Ravalli County Public Health is giving away safe baby cribs that serve as portable play yards.
“Last year and this year we have been promoting the ‘Back to Safe Sleep’ and provide the [Graco] Pack ‘n Play,” said Ravalli County Public Health Director Tiffany Webber.
The program, funded by a Mother/Child Block Grant, is in conjunction with the Women Infants Children (WIC) office and has fliers and information in other local health offices around the county to reach out to new parents.
“Our goal is to provide some education and give them a Pack ‘n Play if they need it,” Webber said. “It is a little slow going because for 2020 we weren’t bringing people in from the outside. It’s just now starting to get off the ground, this is a building year.”
The information is aimed at preventing sudden infant death syndrome (SIDS) — the unexplained death, usually during sleep, of a seemingly healthy baby less than a year old, Webber said.
“Usually, in the first 1-4 months, up to six months, but certainly within the year,” she said. “We look at key safety features. The big things people know, which are not smoking and not drinking. Breastfeeding is best, especially in the first six months. That’s a toughie because we don’t want to shame any new moms.”
The most important advice is that babies should be put to bed on their back in a hard, firm space “free of plushy toys and soft things,” including blankets, Webber said.
“They should be dressed in a way that is comfortable temperature-wise,” Webber said. “We discourage co-sleeping with your baby because we’ve seen incidents of suffocation and strangulation.”
People do not realize that with a baby asleep between two people, the baby is often the low point in the bed, possibly even surrounded by pillows or rolled blankets, she said.
“As parents are breathing in the oxygen, the CO2 tends to sink and can pool,” Webber said. “We’ve reviewed babies who died from lack of oxygen — not in this county, thank God. Babies should be in the same room with you but not in the same bed with you.”
Putting a baby to bed is on his or her back is important.
“If your baby rolls on its side, that’s okay, but never put a baby to sleep on its tummy, always on its back,” she said.
She acknowledges this is a trend that has changed as better information has become available.
“[On the back] there is less chance of death,” Webber said.
Participating in the “Back to Safe Sleep” program was a deliberate choice by the health department.
“There were a handful of programs we could choose from, but more of them had to do with family planning, which we don’t have anymore,” Webber said. “We were limited on what we could choose.”
Karen Johnson was the director at the time who made the choice, but the Safe Sleep Program was embraced because it is a topic that matters to current staff.
“To be honest, it is dear to my heart, as I did lose a sister,” Webber said. “She was born before me and was lost to SIDS at a couple of months old. I don’t talk about it with my mom. The little conversation we’ve had is that she was fussy, a colicky baby, put to sleep on her tummy at nap time and when mom went to check on her, she was gone.”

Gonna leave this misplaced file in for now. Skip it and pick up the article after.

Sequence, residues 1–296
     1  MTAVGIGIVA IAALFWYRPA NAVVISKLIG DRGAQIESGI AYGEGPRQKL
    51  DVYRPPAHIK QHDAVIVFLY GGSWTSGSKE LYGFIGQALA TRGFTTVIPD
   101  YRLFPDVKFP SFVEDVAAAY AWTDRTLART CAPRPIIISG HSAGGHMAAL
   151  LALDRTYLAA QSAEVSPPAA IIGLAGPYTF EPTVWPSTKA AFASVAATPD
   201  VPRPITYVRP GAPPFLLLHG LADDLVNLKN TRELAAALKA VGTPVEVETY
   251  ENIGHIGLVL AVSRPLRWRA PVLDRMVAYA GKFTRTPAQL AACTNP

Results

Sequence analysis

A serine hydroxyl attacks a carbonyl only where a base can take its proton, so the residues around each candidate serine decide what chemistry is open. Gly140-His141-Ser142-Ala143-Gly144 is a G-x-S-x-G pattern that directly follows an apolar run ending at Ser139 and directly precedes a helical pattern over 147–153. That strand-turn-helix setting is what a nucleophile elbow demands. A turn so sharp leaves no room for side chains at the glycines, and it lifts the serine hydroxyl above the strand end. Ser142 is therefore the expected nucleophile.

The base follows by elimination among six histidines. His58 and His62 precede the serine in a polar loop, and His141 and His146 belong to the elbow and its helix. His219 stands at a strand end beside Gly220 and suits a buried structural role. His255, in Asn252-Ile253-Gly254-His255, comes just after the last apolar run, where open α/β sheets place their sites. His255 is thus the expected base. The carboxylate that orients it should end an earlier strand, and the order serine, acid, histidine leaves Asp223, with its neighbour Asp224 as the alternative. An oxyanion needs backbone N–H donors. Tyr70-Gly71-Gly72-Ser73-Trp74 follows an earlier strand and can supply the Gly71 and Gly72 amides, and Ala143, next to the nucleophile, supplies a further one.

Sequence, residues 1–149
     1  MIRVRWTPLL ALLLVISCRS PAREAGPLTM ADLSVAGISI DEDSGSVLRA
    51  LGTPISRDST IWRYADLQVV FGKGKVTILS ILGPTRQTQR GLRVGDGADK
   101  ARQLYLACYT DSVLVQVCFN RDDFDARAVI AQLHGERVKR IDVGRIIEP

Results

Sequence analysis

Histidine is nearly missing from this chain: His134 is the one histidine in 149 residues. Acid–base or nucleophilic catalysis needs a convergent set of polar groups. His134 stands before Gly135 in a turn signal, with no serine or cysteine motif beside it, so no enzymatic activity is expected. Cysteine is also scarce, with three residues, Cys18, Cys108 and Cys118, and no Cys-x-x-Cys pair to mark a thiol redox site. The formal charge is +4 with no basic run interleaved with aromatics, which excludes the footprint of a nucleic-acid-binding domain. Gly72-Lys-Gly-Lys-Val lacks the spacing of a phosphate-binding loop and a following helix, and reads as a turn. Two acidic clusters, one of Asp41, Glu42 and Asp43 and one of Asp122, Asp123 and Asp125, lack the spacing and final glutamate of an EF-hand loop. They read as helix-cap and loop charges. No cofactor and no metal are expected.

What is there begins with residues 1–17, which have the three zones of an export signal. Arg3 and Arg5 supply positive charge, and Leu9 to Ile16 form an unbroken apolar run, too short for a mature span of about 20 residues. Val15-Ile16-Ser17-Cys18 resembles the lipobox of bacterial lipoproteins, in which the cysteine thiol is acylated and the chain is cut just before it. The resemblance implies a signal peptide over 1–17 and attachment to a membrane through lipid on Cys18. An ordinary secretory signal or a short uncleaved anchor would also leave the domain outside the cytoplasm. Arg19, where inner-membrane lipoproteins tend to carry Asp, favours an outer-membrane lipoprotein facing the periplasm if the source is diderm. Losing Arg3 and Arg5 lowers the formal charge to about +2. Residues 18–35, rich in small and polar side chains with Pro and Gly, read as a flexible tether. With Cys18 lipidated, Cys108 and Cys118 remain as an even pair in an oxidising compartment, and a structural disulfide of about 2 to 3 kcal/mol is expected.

Webber and her younger brother had to wear a Holter monitor, a device used to detect heartbeats, she said.
RCPH Office and Vaccine Manager Lori Rodrick said her older brother died at nine months due to SIDS.
“My parents were at a friend’s house, and mom laid him on the bed,” Rodrick said, “she said she laid him down, walked out, had an overwhelming feeling to go check and when she went back he was gone.”
That incident was in the 1950s, when mothers were taught to put babies to sleep on their tummies, she said.
“It could have been anything, but they always said it was SIDS back then,” Rodrick said. “They never did an autopsy. I lived with the pictures and asked, ‘Who is that?’ I still feel uncomfortable talking about it, my mom doesn’t but I always worry if it would hurt her.”
Holter monitors were not invented yet.
“My mom and dad always said I was spoiled because they never put me down,” Rodrick said. “Somebody was always awake when I was sleeping, and they were holding me.”
One of the activities RCPH participates in under the Mother/Child Bock Grant is the Montana FICMMR program — the Fetal, Infant, Child and Maternal Mortality Review board.
“Every year we review all the deaths in the county of anyone under 18 or any moms within a year of birth,” Webber said. “We review and make recommendations.”
Examples of safety changes resulting from those investigations include an access road and signage for river users about a dam near Tucker Crossing; the installation of the traffic light on Ravalli Street; traffic caution lights near the airport and flags for crosswalk uses on busy streets in downtown Hamilton.
The FICMMR program involves a variety of stakeholders besides public health including doctors, a psychologist, the county attorney, the sheriff’s office, a pediatrician, an obstetrician, a mental health worker, a social worker from the hospital and someone from Child and Family Services.
“We have to have five people to do a review,” Webber said. “We usually do the review a year after the death. So, something good could come out of it, if possible.”
To get a free Pack ‘n Play call RCPH ahead of time, complete the minimal paperwork as data for the grant, then receive a DVD, brochure and crib.
RCPH is still participating in the “Skull Saver” program. To get a free helmet bring in the child to be measured and fit. The program sends someone to the skateparks in Hamilton and Stevensville to fit kids for free helmets. RCPH also offers free car seats, but does not have a trained technician to do the installations.
Call Ravalli County Public Health at 406-375-6672 or visit 205 Bedford St., in Hamilton.